elastic 'anti-American' label stretches along a wide gamut. "
"'[A]nti-American' has spanned from al-Qaida terrorists, to angry Iraqis
tiring of occupation, to recalcitrant German and French leaders, to Labor
Party backbenchers in Britain’s House of Commons."
months and years ahead, many commentators will keep equating opposition to
military actions with 'anti-Americanism.'"
fog of such rhetoric cannot hide destructive agendas."
Strong critics of U.S. foreign policy often encounter charges of
“anti-Americanism.” Even though vast numbers of people in the
United States disagree with Washington’s
assumptions and military actions, some pundits
can’t resist grabbing onto a timeworn handle of pseudo-patriotic
In a typical outburst before the war on Iraq last spring, Rush
Limbaugh told his radio audience: “I want to say something about
these anti-war demonstrators. No, let’s not
mince words, let’s call them what they are --
Weeks later, former Congressman Joe Scarborough, a Republican now
rising through the ranks of talking heads, said on MSNBC: “These
leftist stooges for anti-American causes are
always given a free pass. Isn’t it time to make
them stand up and be counted for their views, which could
hurt American troop morale?”
Today, in an era when the sun never sets on deployed American
troops, the hoary epithet is not only a rhetorical weapon against
domestic dissenters or foreign foes. It’s also useful for
brandishing against allies. Oddly, in recent
months, across the narrow spectrum of U.S.
mainstream punditry, even European unity has been portrayed as
An extensive article by Andrew Sullivan at the outset of the summer,
in the mildly liberal New Republic, warned that “with the unveiling
of a new federalist constitution for a ‘United
States of Europe’ in June, the anti-American
trend will be subtly but profoundly institutionalized.”
Sullivan added: “It’s past time that Americans wake up and see this
new threat for what it is.”
Similar noises have come from right-wing outlets such as The Weekly
Standard. Under the stern headline “America needs a serious Europe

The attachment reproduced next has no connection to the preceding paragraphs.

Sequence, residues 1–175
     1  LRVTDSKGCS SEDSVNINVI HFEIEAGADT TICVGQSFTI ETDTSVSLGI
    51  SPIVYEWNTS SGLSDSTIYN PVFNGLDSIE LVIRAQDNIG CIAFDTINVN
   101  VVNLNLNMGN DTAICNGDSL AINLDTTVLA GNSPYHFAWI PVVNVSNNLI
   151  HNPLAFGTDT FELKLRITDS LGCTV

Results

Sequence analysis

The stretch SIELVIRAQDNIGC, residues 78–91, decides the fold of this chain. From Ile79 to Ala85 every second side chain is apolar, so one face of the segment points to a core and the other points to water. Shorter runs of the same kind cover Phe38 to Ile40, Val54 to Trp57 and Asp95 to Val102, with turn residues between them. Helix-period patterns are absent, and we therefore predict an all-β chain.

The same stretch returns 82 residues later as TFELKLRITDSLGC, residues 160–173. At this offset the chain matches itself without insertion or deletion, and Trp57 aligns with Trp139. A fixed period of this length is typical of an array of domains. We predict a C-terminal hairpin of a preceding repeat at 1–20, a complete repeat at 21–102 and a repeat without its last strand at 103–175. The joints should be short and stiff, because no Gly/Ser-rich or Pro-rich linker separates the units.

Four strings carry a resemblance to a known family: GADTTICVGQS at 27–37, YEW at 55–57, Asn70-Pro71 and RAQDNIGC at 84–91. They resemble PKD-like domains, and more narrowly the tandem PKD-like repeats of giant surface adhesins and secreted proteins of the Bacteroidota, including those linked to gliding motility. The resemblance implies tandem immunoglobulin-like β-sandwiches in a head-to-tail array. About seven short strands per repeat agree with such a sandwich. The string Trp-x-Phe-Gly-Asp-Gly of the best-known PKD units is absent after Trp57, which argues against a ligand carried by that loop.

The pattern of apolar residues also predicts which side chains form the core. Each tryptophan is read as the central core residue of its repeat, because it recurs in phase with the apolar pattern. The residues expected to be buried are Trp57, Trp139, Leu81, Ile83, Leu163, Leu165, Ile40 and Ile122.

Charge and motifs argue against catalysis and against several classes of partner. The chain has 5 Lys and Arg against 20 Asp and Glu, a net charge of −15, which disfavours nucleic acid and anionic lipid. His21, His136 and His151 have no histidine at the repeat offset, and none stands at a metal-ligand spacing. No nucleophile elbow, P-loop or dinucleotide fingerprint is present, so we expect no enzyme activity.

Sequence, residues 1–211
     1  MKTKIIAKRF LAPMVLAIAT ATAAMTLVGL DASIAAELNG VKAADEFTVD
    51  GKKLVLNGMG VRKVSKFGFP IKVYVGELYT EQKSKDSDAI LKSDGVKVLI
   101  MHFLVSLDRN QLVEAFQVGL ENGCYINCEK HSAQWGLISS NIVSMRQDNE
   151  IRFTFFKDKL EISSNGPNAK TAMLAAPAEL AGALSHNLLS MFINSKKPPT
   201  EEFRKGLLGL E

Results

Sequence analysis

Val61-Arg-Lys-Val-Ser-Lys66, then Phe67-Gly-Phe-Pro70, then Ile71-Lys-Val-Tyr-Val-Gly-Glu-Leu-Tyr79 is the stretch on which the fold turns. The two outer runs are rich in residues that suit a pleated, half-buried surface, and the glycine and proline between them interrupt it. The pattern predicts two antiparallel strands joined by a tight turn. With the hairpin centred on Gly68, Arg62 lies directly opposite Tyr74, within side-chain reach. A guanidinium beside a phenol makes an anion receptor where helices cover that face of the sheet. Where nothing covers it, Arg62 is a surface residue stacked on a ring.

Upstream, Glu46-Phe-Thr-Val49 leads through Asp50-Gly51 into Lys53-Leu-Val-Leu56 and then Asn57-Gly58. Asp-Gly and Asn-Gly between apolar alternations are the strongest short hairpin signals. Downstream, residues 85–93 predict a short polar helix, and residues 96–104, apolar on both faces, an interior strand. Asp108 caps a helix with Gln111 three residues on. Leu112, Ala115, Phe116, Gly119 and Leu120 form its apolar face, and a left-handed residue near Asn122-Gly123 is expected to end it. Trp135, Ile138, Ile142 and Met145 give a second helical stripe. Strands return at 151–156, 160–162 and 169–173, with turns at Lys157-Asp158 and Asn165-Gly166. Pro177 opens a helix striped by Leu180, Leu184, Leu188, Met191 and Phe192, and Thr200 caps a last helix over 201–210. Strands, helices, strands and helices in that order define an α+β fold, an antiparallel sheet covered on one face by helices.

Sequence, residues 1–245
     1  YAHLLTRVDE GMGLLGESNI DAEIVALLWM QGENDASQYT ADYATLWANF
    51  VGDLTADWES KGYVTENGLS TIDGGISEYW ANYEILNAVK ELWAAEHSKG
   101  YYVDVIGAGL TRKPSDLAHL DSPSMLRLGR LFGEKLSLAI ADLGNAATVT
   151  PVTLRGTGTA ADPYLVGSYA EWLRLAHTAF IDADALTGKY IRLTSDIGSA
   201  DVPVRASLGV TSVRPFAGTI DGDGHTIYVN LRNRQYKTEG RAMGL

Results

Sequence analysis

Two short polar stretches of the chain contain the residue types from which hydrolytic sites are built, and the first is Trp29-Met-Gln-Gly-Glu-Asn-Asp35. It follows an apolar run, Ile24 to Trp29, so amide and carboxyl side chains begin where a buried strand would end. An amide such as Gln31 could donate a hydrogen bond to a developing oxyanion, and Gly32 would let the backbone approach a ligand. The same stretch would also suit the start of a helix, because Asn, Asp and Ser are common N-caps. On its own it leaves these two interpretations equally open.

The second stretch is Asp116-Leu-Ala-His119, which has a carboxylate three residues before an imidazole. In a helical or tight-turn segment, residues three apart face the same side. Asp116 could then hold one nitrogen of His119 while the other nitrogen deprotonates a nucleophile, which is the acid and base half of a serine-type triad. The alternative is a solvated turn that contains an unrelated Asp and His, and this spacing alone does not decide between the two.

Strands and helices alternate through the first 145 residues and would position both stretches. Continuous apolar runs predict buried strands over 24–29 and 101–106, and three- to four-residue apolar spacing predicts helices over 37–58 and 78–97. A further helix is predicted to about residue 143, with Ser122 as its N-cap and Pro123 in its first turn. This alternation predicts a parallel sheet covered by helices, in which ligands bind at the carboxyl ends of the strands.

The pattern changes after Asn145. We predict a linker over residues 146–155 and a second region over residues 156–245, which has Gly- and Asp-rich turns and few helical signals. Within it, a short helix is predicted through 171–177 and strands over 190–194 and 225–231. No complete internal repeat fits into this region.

policy,” a contributing editor declared that “the anti-American
drift of the EU is cause for concern. At a
minimum, it should lead Washington to rethink
its traditional enthusiasm for greater European integration. Much
as British entry into the euro zone might make life easier for
American businesses (and tourists), it is sure
to make life more difficult for American
diplomats.” And, the article could have added, for American war
The elastic “anti-American” label stretches along a wide gamut. The
routine aim is to disparage and stigmatize activities or sentiments
that displease policymakers in Washington. Thus,
“anti-American” has spanned from al-Qaida
terrorists, to angry Iraqis tiring of occupation, to
recalcitrant German and French leaders, to Labor Party backbenchers
in Britain’s House of Commons.
Any Americans gauged to be insufficiently supportive of U.S.
government policies may also qualify for similar aspersions.
(During a debate on CNN International this year,
a fervent war supporter proclaimed me to be a
The officials now running Washington are intoxicated with priorities
that involve spending more than $1 billion a day on the U.S.
military. Meanwhile, the media support for de
facto empire-building is tinged with
sometimes-harsh criticism -- without urging forthright resistance to a
succession of wars largely driven by the USA. In many cases, the
fear of being called “anti-American” seems to
match tacit enthusiasm for visions of pax
A few weeks before he became the New York Times executive editor,
Bill Keller wrote in a June 14 essay about the Iraq intelligence
debacle: “The truth is that the
information-gathering machine designed to guide our
leaders in matters of war and peace shows signs of being corrupted.
To my mind, this is a worrisome problem, but not
because it invalidates the war we won. It is a
problem because it weakens us for the wars we still face.”
“The wars we still face” are chronically touted as imperatives. In
the months and years ahead, many commentators will keep equating
opposition to military actions with “anti-Americanism.”
But the fog of such rhetoric cannot hide destructive agendas. A
lengthy mid-summer report in the Los Angeles Times concluded that
top Pentagon officials “are studying the lessons
of Iraq closely -- to ensure that the next U.S.
takeover of a foreign country goes more smoothly.”
A special assistant to Donald Rumsfeld was upbeat. “We’re going to
get better over time,” said Lawrence Di Rita. “We’ve always thought
of post-hostilities as a phase” apart from
combat, but “the future of war is that these
things are going to be much more of a continuum. ... We’ll get
better as we do it more often.”
While political commanders plan to “do it more often,” those of us
who oppose them can expect to hear that we’re “anti-American.”